Sarah Peisch: the ‘Gringa’ everyone fell in love with
Among those of us that are in the quest for our purpose in life making a significant contribution to this world is a priority.
I am fortunate to have called a friend a woman who made a priceless contribution to my beautiful homeland of Puerto Rico.
Sarah Peisch was born in Vermont. She came to Puerto Rico in the early 1990’s to teach English. Like most people that come to the island for what they think will be a temporary gig, she fell in love with it. She never went back to the mainland.
Aside from teaching English as a second language at a university, Sarah became an environmental warrior. She founded the “Centro de Acción Ambiental”, a nonprofit organization whose purpose was that of fighting environmental justice battles on behalf of disenfranchised communities.
It was in the context of her environmental activism that I met Sarah. Like her, I had just arrived fresh from Vermont after a year-long specialization in Environmental Law. Armed with knowledge and passion, I found in Sarah a brilliantly determined partner committed to protect the environment in Puerto Rico for everyone alike.
When she was not teaching English, Sarah was organizing communities in the fight for environmental justice. Communities that had become used to living exposed to toxins in their surrounding air, land or water. She would educate them on their rights, on what was wrong and unacceptable. On how to get the authorities to listen to them.
Sarah was funny, sweet, genuine and a phenomenal, fearless adversary in the fight for what she deemed was right. I was in awe of her intelligence.
Even when I disagreed with her rather extreme views, I always respected her integrity and courage when defending a cause.
“When you are right, you have nothing to fear” she would say.
Sarah advocated for the use of ‘tables’ as the best way to win any argument. Trained as a teacher, she was clear that the visual portrayal of any argument was easy to understand and difficult to contradict.
Most of the crucial environmental victories she won relied on her use of tables. Depicting the defective modeling, projections, statistics or faulty criteria used to establish the viability of a project, she was able to garner significant environmental triumphs.
“Numbers don’t lie” was her mantra.
I admired Sarah’s integrity. Unlike other environmental activists who out of sheer exhaustion sell out, Sarah never gave up. Many developers tried to buy her conscience to no avail. Not one succeeded.
In the early 2000’s, Sarah developed ovarian cancer. Being a remarkable warrior, she fought against it tooth and nail.
She still had many battles to fight. She continued to work and did not make a fuss about her condition. Very few people knew about it.
Her companion of many years, Andy, showed up one day to my office to bring her an envelope. When I saw her jump with joy as Andy explained to me that the test results confirmed that the results confirmed that her cancer had gone into remission.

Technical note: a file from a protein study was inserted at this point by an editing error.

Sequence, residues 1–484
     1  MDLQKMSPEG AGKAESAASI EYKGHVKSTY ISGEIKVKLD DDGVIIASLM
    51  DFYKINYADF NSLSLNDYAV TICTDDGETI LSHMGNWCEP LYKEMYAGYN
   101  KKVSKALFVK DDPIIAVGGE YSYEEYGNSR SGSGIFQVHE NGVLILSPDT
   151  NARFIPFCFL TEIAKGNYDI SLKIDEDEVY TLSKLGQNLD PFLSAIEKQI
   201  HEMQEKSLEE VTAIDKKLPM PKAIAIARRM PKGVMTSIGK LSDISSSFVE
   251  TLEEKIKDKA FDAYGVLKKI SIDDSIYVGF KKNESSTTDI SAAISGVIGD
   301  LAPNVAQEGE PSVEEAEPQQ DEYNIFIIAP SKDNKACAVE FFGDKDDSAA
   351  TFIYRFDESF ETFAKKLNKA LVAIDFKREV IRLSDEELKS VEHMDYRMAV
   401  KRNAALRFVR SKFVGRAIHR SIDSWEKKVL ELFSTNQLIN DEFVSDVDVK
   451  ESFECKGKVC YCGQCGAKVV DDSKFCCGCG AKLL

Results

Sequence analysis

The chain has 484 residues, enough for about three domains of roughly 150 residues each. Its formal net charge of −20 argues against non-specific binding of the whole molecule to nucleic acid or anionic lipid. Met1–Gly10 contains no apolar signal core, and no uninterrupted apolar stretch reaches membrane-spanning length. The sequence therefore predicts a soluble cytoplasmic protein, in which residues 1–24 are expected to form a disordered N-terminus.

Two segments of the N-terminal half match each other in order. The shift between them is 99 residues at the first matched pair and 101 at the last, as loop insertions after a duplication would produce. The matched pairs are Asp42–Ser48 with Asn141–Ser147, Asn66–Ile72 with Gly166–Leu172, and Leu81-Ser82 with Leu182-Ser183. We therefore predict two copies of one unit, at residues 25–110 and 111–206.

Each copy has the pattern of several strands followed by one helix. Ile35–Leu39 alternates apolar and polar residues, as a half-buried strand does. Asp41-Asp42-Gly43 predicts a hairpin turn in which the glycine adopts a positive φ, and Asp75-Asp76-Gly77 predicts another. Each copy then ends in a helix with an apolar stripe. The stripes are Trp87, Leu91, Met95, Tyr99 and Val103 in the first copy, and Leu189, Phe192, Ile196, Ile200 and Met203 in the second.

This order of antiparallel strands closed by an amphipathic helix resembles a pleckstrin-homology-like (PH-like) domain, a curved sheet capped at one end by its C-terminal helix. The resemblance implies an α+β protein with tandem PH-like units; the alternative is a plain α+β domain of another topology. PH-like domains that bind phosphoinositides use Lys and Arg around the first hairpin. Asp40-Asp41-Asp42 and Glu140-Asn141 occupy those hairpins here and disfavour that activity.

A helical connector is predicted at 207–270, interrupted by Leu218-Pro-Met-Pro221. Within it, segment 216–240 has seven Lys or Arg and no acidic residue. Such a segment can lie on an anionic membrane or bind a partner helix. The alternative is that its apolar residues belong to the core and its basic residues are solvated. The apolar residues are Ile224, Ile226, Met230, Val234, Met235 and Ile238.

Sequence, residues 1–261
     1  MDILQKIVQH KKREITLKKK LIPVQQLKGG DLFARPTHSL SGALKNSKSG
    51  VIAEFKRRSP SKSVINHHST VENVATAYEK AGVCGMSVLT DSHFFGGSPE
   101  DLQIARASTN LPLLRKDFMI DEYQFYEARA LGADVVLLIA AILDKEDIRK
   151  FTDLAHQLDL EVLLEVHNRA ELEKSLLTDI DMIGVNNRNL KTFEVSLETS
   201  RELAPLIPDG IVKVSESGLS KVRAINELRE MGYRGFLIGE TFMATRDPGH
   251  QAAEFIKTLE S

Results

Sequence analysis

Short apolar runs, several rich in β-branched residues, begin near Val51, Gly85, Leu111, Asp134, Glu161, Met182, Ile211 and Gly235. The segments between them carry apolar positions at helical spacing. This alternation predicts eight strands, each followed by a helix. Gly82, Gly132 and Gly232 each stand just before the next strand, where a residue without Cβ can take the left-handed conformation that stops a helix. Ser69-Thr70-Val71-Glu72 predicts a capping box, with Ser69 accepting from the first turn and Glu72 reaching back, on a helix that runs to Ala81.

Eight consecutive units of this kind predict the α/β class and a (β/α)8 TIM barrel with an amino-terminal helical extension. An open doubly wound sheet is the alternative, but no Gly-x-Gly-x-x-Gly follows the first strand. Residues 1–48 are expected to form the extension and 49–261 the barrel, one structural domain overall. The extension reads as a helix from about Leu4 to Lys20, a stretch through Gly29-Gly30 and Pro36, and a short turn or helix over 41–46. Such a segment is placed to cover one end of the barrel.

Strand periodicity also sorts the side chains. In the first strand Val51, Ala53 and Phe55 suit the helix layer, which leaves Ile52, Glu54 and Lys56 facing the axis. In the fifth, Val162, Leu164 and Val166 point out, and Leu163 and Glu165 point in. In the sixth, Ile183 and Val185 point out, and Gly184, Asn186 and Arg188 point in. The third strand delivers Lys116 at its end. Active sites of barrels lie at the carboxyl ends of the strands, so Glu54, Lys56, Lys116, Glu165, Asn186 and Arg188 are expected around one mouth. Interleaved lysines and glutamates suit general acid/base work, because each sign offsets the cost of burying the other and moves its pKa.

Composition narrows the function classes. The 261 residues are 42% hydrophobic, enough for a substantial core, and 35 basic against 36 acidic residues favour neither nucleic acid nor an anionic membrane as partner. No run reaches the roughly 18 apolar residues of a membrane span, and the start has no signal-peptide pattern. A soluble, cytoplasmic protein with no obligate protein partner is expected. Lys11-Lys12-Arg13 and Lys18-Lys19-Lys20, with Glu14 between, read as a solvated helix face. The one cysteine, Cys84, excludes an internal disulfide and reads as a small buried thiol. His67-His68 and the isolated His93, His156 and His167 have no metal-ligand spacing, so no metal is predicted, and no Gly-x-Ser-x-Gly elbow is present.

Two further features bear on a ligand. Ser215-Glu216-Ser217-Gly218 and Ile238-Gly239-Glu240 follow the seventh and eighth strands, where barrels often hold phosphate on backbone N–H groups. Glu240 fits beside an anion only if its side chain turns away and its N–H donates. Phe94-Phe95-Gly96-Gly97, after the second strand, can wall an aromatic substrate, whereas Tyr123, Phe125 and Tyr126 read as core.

Sarah had one big environmental battle left.
A great threat loomed over the protected natural reserve area known as Piñones.
A developer wanted to build a touristic/mixed use development that would do away with dunes, protected species and public coastline.
The developer had all the financial resources to circumvent the environmental hurdles the development presented. He spent hundreds of thousands of dollars hiring the “right” experts that would guarantee that the government would approve his project.
On behalf of the impoverished community of Piñones, Sarah took on experts on all the fields: traffic, economy, environment, tourism and housing. Her challenge seemed unsurmountable.
Yet she won. The government had no choice but to deny the permits.
With her tables, Sarah was able to pierce holes into the volumes of studies and well-paid ‘experts’ opinions submitted in support of the project.
When the government announced it would buy the land from the developer and dedicate it to a permanent part of the natural reserve, her battle was over.
It was then, at age 50, that her cancer came back. This time, however, her adversary won her last battle.
It was as if the disease had given her the opportunity to finish her last environmental mission at Piñones. One that no one but her had the capacity, grit and passion to undertake and prevail.
When Sarah passed, she had three farewell ceremonies at communities where she left part of her legacy.
In Piñones, fishermen made a procession at sea where part of her ashes were spread.
A mural commemorated her accomplishment on behalf of the community.
In John Green’s The Fault with Our Stars, Hazel reproached Augustus’ for believing that “… the only way to lead a meaningful life is for everyone to remember you.”
Augustus’ concern however, went beyond the seemingly self-centered concern of dying without having anyone remember him. Instead, he believed that [“i]f you don’t live a life in service of a greater good, you’ve gotta at least die a death in service of a greater good…”
He feared that he would not get either a life or a death that meant anything to anyone.
I believe both characters’ outlooks were misguided.
The selfish need to be remembered or honored posthumously cannot be the force behind our effort to contribute to the greater good. Rather, living a life of purpose (while accomplishing professional ambitions) provides the ultimate satisfaction and unequivocal proof of self-realization.
This goal does not necessarily entail lofty accomplishments like Sara’s.
Being mindful of our words, smiling at others, being patient or carrying out random acts of kindness serve the purpose of making this world a better one, one person at a time.
For today, I pray that I can go to sleep knowing I contributed to make this world a better one.